Last week another state voted to keep cursive writing (and memorization of multiplication tables) as a requirement in their schools curriculum, even though it is not part of the new Common Core Educational Curriculum Standards. That makes 7 states (California, Idaho, Indiana, Kansas, Massachusetts, North Carolina and Utah) who have made the decision to keep cursive writing.
(The Common Core Curriculum has been adopted by 45 states and is to be fully implemented by the fall of 2014. The Curriculum doesn't prohibit the teaching of cursive writing - it just doesn't include it.)
Did you know that:
To read cursive, you usually have to be able to write in it.
In early times, cursive was used as a way to distinguish the literate from the illiterate.
Legal documents, such as contracts, mortgages, wills, and banking, all require a signature.
Cursive signatures are more difficult to forge than those in print. So it may discourage some fraud or credit card theft.
Recently, during a very public trial in Florida, a 19-year-old witness couldn't read a document because it was in cursive.
Research shows, that more areas of the brain are used for cursive writing than for keyboarding.
The Declaration of Independence, the Constitution and the Bill of Rights are all written in cursive.
What can you do?
Talk to your local school officials and board of education. Express your concerns and request they continue cursive writing in the curriculum.
Teach your own children and grandchildren how to read and write cursive.
Start a Cursive writing club at school or with neighborhood friends.
Loops and Other Groups Cursive Writing Program
Mary Benbow, OTR. (a renown hand development specialist) designed this wonderfully easy and imaginative way to teach cursive handwriting to students from second grade through high school.
Letters are taught in groups that share common movement patterns. This taps into the kinesthetic system which allows students to "feel" and visualize letter formation. Easy to remember auditory and motor cues are used to help aide students in learning. Groups like "Clock Climbers" and "Kite Strings" engage students and lead to quick success.
Complete programs, packs of 10 workbooks or individual workbooks make this perfect for home or school.
Handwriting Without Tears- Cursive
Developed by Jan Olsen, OTR this program uses the multi sensory approach with tactile, kinesthetic, auditory, positional, and spatial cues as well as manipulative's and 2 lined paper to teach students cursive writing.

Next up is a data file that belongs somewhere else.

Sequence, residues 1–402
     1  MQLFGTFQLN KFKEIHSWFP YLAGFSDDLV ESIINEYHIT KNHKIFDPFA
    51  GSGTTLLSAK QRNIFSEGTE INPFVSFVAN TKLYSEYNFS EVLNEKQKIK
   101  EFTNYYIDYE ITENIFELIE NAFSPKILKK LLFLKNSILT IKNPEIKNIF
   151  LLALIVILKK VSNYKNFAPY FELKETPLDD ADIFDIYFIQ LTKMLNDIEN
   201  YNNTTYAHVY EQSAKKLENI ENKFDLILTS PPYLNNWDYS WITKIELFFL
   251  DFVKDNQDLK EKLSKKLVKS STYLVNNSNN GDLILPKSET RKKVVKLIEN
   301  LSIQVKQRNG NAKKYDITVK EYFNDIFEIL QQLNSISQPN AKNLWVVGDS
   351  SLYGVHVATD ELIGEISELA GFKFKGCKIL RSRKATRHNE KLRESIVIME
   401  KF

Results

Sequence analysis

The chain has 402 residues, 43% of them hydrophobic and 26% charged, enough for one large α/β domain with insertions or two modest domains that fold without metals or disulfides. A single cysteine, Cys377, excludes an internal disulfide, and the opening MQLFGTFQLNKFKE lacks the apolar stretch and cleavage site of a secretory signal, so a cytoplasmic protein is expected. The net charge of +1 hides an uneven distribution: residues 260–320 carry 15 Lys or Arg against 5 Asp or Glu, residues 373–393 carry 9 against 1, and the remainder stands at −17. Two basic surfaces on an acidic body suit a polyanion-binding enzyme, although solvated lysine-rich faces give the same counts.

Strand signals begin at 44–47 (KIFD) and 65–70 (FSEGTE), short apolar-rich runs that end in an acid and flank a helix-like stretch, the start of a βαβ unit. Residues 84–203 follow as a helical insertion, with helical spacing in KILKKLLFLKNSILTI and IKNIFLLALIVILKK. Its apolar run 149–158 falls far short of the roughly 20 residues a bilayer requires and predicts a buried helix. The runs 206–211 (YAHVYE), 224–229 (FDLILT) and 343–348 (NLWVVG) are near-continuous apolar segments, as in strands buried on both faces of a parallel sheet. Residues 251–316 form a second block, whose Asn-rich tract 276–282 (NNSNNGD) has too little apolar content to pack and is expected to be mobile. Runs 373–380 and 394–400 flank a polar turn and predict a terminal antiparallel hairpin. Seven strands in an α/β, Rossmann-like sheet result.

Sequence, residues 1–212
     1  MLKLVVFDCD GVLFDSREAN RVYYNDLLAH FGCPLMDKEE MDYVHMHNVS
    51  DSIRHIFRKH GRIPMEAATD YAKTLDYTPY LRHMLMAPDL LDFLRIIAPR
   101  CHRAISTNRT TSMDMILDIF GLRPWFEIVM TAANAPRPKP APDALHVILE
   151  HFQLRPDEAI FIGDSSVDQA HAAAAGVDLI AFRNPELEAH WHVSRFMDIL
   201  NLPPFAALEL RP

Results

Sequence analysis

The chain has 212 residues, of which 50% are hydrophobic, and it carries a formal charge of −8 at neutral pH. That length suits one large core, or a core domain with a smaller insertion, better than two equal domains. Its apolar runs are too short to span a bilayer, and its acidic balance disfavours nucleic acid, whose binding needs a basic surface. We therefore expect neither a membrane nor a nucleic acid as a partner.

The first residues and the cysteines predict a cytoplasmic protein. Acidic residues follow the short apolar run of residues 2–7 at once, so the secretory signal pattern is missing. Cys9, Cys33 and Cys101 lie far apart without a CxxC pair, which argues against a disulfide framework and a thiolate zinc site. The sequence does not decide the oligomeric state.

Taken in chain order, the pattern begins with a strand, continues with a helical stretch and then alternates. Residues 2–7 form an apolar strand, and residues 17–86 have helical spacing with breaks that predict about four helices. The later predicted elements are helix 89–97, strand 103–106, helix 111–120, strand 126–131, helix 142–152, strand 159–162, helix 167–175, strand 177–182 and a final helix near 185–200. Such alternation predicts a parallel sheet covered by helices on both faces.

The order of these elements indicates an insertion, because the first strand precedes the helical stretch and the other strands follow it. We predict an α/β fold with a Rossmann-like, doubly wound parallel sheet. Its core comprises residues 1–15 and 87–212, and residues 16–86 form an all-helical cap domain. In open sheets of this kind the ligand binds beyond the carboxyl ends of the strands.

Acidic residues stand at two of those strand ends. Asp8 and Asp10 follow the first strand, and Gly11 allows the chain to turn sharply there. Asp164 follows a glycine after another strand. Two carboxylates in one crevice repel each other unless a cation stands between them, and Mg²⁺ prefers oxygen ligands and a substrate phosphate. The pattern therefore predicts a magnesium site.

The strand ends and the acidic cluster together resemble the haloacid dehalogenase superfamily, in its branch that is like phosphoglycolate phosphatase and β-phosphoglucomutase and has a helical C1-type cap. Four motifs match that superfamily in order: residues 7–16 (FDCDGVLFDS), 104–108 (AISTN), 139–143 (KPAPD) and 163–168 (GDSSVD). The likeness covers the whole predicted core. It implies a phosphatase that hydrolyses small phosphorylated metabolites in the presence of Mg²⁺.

Teachers guide and workbooks for each grade build upon success. Workbooks available individually or let us know what quantity you need for bulk packs.
Free Shipping AND More Free Shipping!
Here at PFOT, we try to offer you a mix of classic "must have" items, as well as "cool" new products. Active participation is always easier when students are excited, motivated and engaged. Take a moment to check out your closet, then check us out and let us ship your new items for FREE - AND we'll also send you a free shipping voucher to use on a future order!* But all good things must end... this week until Friday at midnite!
(*Must select Free shipping at checkout AND use coupon code CCFREE at time of order. $40 minimun, new online orders only, free ground shipping within 48 states only. Excludes drop ship items & other items indicated with a *. Voucher will be sent with order. $40 min re-order, voucher can be used 1/1/14-2/28/14, other restrictions may apply. Offer expires Fri 11/22/13)
November is chock full of wacky holidays- almost one for each day! Here are just a few;
November 9th is Chaos Never Dies Day
November 15th is National Clean Out Your Refrigerator Day
November 16th is Button Day
November 23rd is Cashew Day
And of course, Turkey Day!!
Story Starters for November: Make up a Holiday!
You can write sentences or a story. Have your children design a card or illustrate a way to celebrate what holiday they would celebrate. See how creative they can be!
What holiday would you make up?
How would you celebrate?
Draw a logo to celebrate your holiday. Design a flag or decorations that you can use.
Are schools, banks, and the post office closed on your holiday? Or do you celebrate in school?
Celebrate with cake and ice cream or is it a backyard bbq day?
Messy Play- Cloud Dough
You only need 2 ingredients! Flour and Baby Oil
- Mix 4 cups of flour and 1/2 cup baby oil together
Mix in a bowl or on a tray. Squeeze it into a ball. Build a mountain then roll over it with a toy car. Use one finger and write letters and numbers. When your done, bottle it up and save for next time. Have fun!